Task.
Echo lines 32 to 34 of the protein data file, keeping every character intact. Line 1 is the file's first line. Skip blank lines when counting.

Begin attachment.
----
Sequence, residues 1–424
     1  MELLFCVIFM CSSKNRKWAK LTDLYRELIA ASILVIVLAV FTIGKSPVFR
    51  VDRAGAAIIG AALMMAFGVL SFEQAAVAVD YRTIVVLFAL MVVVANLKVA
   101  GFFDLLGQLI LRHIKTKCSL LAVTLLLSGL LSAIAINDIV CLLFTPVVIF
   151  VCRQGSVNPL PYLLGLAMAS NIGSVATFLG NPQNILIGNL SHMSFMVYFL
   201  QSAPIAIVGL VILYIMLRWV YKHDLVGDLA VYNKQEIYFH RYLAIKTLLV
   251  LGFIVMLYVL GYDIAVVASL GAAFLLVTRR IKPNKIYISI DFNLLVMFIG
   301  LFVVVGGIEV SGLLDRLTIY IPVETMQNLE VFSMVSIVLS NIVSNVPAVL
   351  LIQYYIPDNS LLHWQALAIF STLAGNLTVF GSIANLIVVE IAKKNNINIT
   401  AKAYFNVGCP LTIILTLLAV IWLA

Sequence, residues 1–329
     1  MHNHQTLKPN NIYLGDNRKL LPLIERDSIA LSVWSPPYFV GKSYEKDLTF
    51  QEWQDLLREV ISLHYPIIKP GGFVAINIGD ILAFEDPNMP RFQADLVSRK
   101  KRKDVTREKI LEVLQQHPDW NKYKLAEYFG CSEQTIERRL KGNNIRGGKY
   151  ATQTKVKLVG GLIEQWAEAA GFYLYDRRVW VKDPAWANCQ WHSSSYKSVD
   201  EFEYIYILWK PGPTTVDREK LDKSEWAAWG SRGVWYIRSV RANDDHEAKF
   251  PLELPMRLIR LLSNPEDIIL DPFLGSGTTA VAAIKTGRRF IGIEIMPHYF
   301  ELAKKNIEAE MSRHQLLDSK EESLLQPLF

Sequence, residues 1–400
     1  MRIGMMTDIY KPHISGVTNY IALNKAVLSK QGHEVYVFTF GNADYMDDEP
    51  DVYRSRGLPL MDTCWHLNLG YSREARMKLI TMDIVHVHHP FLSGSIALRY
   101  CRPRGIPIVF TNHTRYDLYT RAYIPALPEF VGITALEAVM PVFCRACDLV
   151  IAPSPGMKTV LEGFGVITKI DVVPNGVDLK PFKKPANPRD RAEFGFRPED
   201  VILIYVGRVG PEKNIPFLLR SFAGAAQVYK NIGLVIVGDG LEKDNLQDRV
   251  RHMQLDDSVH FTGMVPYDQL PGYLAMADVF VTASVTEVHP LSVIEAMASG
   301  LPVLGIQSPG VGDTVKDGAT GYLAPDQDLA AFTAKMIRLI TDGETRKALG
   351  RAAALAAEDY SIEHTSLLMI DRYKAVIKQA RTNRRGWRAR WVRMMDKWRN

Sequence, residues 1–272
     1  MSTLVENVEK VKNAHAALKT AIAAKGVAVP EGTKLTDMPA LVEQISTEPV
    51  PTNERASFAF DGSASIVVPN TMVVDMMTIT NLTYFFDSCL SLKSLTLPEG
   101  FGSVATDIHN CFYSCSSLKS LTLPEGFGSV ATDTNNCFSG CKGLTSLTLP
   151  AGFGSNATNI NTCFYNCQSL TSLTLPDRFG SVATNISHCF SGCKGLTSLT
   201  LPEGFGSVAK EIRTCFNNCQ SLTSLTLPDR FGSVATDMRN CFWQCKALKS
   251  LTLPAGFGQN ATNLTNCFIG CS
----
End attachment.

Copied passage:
   151  AGFGSNATNI NTCFYNCQSL TSLTLPDRFG SVATNISHCF SGCKGLTSLT
   201  LPEGFGSVAK EIRTCFNNCQ SLTSLTLPDR FGSVATDMRN CFWQCKALKS
   251  LTLPAGFGQN ATNLTNCFIG CS